Imagine living in a house as old as time, with a living and breathing library at your disposal, an ornate fireplace, and an armchair to sit back for hours and read. No, I am not talking about the library from Beauty and the Beast. But yes, this could easily be a dream for all book lovers, especially when cooped up indoors during the pandemic. Who would not want a beautiful house where you could while away hours on an end, as time passes slowly by?
Soon to turn 15, Zoon Razdan, luckily has exactly that in Zuni Chopra’s YA novel, The House That Spoke. She lives with her mother, Shanti, in Srinagar in their ancestral house. Her grandma lives close by, down the street. Zoon loves her home. Her favourite place in the house is the library where she loves spending her mornings and having some noon chai. Thus, when one day Zoon finds a realtor, Mr. Qureishi in her house, all hell breaks loose and strains her relationship with her mother. Zoon then embarks on an adventure to stop her mother from selling the house. To help out, she has a bunch of curious and unlikely friends along with her shy and newly found friend, Altaf. Altaf is Shanti’s friend, Lameeya’s son.
The House That Spoke is suffused with a fairy tale atmosphere that is a cross between Beauty and the Beast and the Chronicles of Narnia because her own historic house is a portal to both adventure and danger. Despite this magical element, Zoon’s adventures and life are tangled with the dangers that anyone living in Srinagar might face from acts of terrorism to government and army excesses. Chopra portrays the ‘normal’ in Kashmir through Zoon’s eyes: from stray shooting to a bomb blast. The fact that even a 15 year old knows how to navigate through this terror and thinks of it every time she crosses the street to see her grandma, her tathi, manifests the way in which the state has been paralysed with violence and how successive governments have failed it. Hence, the magic evoked in The House That Spoke is fraught with the realities of everyday life, of the darkness that engulfs the state and how Zoon, in trying to save her house, must also save her home from this inexplicable darkness.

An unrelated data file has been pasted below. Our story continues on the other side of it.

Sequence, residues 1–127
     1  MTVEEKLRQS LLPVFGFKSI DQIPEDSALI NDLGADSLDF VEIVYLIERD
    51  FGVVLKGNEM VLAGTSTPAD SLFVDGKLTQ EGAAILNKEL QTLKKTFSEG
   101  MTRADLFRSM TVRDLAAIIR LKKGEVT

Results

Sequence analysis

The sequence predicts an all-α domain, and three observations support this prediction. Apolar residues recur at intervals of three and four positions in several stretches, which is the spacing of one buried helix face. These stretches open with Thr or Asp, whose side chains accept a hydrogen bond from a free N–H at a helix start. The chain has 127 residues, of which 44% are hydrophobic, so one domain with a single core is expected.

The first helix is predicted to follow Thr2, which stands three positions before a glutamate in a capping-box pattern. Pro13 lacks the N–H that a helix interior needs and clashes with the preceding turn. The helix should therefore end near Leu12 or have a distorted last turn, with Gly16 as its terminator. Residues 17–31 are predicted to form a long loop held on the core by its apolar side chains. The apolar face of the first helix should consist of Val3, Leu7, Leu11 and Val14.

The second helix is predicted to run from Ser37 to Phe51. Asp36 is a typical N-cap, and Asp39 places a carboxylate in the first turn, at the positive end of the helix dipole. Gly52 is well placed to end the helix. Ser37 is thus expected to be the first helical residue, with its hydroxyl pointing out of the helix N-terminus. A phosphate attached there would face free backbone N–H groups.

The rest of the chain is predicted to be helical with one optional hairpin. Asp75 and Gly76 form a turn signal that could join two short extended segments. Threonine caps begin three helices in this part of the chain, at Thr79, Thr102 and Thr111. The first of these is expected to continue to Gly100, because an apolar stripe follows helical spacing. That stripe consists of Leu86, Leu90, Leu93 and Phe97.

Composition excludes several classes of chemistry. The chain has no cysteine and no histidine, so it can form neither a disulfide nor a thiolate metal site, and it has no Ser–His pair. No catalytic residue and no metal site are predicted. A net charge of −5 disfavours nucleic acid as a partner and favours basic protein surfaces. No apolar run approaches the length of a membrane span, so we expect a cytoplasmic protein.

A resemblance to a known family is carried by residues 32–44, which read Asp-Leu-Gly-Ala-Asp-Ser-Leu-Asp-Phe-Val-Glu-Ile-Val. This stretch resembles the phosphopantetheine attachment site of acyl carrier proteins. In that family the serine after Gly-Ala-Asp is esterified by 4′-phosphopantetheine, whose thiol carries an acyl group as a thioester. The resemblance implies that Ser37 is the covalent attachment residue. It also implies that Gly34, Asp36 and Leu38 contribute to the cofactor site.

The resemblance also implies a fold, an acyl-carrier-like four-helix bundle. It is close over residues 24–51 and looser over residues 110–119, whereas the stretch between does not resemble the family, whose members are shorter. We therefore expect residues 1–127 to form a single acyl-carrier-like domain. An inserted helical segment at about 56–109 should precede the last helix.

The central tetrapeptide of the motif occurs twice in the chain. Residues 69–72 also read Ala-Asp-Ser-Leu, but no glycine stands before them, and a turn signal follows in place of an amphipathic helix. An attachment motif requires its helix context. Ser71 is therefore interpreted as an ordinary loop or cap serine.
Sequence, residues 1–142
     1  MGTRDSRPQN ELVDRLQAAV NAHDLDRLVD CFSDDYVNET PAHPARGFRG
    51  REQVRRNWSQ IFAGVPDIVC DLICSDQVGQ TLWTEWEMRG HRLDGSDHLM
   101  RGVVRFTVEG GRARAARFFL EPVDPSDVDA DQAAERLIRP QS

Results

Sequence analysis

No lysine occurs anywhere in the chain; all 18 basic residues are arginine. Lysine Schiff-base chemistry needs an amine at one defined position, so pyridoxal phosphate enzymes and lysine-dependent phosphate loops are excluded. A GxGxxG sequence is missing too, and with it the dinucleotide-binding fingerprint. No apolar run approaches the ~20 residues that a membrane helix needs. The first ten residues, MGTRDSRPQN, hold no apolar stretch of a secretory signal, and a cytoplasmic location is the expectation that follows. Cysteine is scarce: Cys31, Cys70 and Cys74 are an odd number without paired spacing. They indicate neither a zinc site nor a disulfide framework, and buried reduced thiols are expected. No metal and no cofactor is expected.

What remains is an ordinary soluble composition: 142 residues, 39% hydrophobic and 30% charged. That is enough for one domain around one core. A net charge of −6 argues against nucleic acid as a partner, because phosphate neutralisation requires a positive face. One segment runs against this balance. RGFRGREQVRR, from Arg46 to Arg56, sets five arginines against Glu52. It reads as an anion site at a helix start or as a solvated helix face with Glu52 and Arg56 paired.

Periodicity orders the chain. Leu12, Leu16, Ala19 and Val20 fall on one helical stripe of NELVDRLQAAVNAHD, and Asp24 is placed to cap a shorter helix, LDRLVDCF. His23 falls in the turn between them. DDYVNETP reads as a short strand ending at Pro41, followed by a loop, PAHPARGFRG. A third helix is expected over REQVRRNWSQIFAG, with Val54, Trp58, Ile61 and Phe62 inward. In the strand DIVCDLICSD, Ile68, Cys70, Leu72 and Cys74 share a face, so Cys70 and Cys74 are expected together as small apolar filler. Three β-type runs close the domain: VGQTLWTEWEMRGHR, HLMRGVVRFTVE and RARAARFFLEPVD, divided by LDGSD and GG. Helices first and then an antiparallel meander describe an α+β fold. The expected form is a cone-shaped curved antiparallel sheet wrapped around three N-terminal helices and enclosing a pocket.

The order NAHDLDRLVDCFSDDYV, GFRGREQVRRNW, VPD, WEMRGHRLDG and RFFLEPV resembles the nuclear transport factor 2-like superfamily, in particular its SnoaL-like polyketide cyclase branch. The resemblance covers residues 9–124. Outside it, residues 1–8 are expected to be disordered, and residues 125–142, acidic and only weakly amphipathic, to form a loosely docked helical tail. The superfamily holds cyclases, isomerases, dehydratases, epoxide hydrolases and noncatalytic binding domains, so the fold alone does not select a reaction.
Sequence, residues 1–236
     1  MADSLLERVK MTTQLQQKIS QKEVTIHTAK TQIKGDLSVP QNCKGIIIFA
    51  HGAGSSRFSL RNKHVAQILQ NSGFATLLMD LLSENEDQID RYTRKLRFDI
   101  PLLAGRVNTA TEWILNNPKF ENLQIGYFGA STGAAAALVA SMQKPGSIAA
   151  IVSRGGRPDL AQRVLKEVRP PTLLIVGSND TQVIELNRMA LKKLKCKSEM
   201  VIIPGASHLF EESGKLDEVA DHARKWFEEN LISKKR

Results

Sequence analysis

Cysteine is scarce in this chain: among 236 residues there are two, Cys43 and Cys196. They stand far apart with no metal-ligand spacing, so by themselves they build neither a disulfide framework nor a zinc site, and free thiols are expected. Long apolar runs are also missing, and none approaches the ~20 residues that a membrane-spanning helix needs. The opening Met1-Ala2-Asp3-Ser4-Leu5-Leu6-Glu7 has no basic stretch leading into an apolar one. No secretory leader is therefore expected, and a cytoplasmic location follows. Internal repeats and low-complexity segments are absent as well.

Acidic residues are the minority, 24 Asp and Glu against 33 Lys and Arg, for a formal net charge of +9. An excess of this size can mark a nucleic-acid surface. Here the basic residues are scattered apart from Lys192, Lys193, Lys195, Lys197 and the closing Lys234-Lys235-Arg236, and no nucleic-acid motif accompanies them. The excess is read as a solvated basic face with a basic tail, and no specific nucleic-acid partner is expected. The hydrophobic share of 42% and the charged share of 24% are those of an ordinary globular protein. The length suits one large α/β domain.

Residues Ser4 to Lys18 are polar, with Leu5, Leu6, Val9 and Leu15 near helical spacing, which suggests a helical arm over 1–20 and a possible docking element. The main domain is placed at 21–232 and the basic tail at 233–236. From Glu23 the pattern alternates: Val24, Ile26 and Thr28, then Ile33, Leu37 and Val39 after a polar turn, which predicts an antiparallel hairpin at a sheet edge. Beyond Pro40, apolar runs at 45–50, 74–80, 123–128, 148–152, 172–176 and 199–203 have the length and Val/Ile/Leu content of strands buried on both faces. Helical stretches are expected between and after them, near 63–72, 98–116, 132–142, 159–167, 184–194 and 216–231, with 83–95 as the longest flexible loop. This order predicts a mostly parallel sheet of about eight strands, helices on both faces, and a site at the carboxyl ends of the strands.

This makes The House That Spoke different from your usual YA fantasy novel. It is one that allows teenagers to not just read a fast paced, fun adventure tale but also learn about the different facets of Kashmir: from its syncretic culture to its beauty of passing seasons. The fact that a 15 year old girl is the protagonist makes the story even more delightful. For a change, it is not a male protagonist venturing out to save the world.
Zuni Chopra’s prose is rich and evocative, perfectly mirroring Zoon’s opulent house and her surreal natural surroundings. Each sentence is laden with beautiful and layered descriptions that bring Zoon’s house and Kashmir alive in the minds of the readers. Zuni’s writing makes the novel superbly visual and lets our imagination paint vivid pictures from her words.
The House That Spoke is a great novel to get the kids to read after the usual TV and internet simulations reach a saturation point. The novel can also pave the way to start conversations with youngsters about Kashmir and its condition, particularly given that it is always in the news. Also, you get to support some homegrown YA genre novels that are only now getting the praise and support they need. Cheers to that, always!
You can buy this book here.